Vitamin D is More Than Just Strong Bones…

Vitamin D is probably one of the first vitamins you ever became aware of as a kid — milk, sunlight, and bad experiences with liver, that’s where most of us stop when we think of this absorption-aiding “vitamin.” (It’s actually a prohormone.)

That’s a bit unfair since this hard-to-classify nutritional staple can be beneficial to everyone from athletes to the elderly. Vitamin D has a lot more going on than many people realize.

A Forgotten Performance Booster

If you were passing time in Eastern European countries in the 50s, you might already know this, but vitamin D can be a serious performance booster. It’s well known that it optimizes skeletal and muscle function, but for athletes, the benefits can be notable. Increasing amounts of research and anecdotal evidence are beginning to point to the idea that vitamin D can genuinely improve athletic performance.

Six decades ago, Eastern bloc countries put so much faith in vitamin D that they would plant their athletes in front of sunlamps…a practice that apparently paid off. Their runners saw a 7.4 percent improvement in 100m times (in comparison to the 1.7 percent boost in a control group.) Additionally, a study of soccer players revealed improved sprint times, and another study found that muscles demonstrate increase strength with vitamin D intake.

For decades, researchers have found links between vitamin D and muscle health.

The potential muscular boost has gotten more recent attention, with researchers at the University of Birmingham tackling the relationship between the vitamin and muscle mass. They studied 116 healthy volunteers (ages 20 to 74) and found a positive correlation between levels of lean mass and active forms of vitamin D. This study opens the door to more research to understand the relationship between vitamin D, muscle mass and strength, and even sex.

A Friend in Cold and Flu Season

Whether we’re talking athletes or your average American who just wants to avoid unnecessary sickness, vitamin D still deserves some extra attention.

A study out of Queen Mary University has put together some pretty strong evidence that supplementing vitamin D could provide protection against acute respiratory infections, colds and the flu included. Researchers studied raw data from 11,000 participants around the world and came to the conclusion that vitamin D boosts levels of anti-microbial peptides, which function like natural antibiotics, a connection which could also explain the correlation between vitamin D and protection against asthma attacks.

Vitamin D may provide an immune boost during cold and flu season.

An Aid in Aging

Muscle performance isn’t a concern for athletes only. Falls in elderly populations are a direct result of the deterioration in muscle that comes with age. For cancer patients, this presents a double risk, and vitamin D might be able to help.

Researchers from MD Anderson Cancer Center in Houston examined patients over age 65 who were receiving active cancer care for urologic, breast, gynecologic, lung, or gastrointestinal cancers. These patients were more likely to experience osteoporosis, frailty, and vitamin D insufficiency which in turn increased the likelihood of injurious falls.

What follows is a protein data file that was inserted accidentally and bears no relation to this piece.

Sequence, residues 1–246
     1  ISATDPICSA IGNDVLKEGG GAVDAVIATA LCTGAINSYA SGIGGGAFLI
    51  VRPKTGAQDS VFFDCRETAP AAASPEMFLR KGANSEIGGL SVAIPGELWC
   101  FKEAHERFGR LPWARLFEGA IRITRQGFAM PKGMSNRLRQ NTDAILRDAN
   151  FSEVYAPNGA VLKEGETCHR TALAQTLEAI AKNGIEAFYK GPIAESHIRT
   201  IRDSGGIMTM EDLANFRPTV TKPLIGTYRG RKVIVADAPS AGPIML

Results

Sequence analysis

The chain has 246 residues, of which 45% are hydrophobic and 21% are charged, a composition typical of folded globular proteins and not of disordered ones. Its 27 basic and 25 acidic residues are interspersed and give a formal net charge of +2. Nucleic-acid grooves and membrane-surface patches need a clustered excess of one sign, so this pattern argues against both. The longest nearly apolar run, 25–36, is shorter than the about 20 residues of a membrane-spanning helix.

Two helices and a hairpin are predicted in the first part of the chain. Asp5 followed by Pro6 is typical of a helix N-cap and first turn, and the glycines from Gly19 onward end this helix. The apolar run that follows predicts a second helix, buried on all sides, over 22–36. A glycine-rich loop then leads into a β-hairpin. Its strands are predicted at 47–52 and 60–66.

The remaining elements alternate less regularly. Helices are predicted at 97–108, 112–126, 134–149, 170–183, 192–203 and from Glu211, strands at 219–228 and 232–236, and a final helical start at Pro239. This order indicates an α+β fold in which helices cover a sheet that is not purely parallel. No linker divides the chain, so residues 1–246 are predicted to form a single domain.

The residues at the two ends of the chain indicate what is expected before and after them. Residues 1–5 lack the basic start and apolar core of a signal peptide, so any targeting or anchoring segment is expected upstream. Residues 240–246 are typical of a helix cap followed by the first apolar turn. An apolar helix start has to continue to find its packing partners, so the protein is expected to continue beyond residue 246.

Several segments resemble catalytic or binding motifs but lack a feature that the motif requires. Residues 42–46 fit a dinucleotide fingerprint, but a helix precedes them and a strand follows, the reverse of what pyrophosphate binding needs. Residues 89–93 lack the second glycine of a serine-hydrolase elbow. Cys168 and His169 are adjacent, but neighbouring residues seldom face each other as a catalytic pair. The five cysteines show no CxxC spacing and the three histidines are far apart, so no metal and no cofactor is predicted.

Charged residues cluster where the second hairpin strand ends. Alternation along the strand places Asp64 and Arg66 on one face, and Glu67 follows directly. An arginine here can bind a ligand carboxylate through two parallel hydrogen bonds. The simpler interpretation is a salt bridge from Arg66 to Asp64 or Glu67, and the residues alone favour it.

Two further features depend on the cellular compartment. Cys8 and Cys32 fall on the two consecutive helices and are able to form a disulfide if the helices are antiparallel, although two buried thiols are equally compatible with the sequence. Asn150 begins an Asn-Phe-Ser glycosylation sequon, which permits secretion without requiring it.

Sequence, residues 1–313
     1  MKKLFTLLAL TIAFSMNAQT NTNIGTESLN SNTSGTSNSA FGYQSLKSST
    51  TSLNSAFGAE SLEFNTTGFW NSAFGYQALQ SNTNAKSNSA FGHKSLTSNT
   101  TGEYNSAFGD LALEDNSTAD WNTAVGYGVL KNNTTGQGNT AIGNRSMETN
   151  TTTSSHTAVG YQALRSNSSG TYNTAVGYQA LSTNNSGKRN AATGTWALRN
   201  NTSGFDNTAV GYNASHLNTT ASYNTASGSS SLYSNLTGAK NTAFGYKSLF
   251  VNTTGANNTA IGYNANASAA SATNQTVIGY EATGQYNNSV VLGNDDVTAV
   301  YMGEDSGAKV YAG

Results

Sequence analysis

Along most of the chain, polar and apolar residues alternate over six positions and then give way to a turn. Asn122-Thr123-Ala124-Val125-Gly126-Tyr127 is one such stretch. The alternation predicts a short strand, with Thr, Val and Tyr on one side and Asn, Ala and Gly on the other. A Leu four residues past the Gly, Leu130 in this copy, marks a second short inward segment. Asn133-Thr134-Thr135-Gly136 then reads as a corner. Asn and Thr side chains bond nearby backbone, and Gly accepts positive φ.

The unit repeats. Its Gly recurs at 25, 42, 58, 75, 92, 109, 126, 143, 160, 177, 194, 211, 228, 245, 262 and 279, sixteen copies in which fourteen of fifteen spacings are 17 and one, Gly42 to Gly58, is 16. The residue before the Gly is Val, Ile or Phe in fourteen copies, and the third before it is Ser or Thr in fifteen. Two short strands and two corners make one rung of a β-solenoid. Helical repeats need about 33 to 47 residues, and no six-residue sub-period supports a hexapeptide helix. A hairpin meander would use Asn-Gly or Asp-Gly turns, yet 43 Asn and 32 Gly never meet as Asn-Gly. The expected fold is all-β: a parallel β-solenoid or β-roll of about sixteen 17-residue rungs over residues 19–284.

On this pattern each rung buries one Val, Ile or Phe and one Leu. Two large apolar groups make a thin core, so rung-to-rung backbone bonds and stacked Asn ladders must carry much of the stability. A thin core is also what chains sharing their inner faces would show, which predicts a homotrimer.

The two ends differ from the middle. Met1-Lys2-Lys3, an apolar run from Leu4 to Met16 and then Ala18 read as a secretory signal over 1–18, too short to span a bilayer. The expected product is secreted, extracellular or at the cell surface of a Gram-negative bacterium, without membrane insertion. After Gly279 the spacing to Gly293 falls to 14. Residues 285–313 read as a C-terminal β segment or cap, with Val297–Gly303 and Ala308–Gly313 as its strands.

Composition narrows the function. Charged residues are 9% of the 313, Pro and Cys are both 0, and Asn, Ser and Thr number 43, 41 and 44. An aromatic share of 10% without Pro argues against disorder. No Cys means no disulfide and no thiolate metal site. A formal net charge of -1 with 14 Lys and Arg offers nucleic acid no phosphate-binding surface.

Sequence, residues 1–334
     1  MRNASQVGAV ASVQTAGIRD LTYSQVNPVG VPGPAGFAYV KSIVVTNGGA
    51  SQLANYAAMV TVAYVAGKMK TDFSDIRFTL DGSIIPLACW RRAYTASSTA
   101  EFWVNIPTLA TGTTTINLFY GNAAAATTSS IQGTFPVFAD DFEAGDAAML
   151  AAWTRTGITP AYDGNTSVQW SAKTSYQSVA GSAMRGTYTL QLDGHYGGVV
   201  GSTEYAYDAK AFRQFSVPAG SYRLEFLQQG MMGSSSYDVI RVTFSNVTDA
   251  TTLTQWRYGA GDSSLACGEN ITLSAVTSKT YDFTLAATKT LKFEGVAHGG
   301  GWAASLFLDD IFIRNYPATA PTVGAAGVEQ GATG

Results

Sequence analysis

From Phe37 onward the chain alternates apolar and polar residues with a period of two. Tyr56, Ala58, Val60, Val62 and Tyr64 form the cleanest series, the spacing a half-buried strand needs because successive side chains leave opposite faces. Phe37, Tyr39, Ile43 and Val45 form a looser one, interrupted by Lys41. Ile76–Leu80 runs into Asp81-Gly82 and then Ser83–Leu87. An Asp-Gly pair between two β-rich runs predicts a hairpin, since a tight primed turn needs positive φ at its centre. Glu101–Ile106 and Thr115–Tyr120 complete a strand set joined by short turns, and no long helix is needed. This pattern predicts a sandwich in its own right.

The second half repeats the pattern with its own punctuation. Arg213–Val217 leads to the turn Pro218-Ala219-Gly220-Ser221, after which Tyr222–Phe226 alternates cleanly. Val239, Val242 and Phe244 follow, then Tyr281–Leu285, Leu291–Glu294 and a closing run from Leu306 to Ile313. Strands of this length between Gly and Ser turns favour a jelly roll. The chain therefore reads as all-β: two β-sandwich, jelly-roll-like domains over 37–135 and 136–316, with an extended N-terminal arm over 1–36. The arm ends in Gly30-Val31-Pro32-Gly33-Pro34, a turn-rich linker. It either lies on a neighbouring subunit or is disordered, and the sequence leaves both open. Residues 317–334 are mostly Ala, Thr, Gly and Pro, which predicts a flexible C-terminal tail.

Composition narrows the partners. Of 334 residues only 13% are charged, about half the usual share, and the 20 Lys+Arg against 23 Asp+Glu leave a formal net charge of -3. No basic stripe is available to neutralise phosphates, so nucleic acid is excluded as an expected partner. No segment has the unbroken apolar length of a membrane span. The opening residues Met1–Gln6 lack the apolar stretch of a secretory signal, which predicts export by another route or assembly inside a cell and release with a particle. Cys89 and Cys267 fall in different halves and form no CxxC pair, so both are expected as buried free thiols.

According to Beatrice J. Edwards, M.D., M.P.H., F.A.C.P., associate professor geriatric medicine and author on the study “Vitamin D reduces falls by 50 percent, and we know it has some anti-cancer effects.”

Studies suggest that both inactive and active seniors may benefit from adding vitamin D supplements to their health regiments.

A Foundation of a Healthy Heart and a Happy Gut

No matter who you are, a healthy heart should be a top priority, and vitamin D could be a powerful aid in achieving optimal cardiovascular health.

Data from 13,039 participants in the Atherosclerosis Risk in Communities study revealed a correlation between vitamin D deficiency, 25(OH)D levels and lower levels of HDL-cholesterol (the “good” cholesterol) over time.

Moving a bit lower in the body, low levels of vitamin D have been found to correlate with relapse in ulcerative colitis patients. Researchers conducting a study out of Beth Israel Deaconess Medical Center believe that the connection is due to the relationship between vitamin D and the protein cathelicidin in the cells that line the colon. It’s believed that the relationship has beneficial effects on the microbial composition in that area of the body.

Research suggests that vitamin D may play a key role in gut health.

So should you start planning a Caribbean vacation and popping beef liver supplements tomorrow? Not exactly.

While there’s been a bump in the use of vitamin D supplements in the U.S., individual needs vary based on goals, current health makeup, and lifestyle. A simple trip to a physician can go a long way in determining exactly how individuals can benefit from D in a way that optimizes their health and performance goals.

Looking for more? Click here to check out this blog post on fat-soluble and water-soluble vitamins.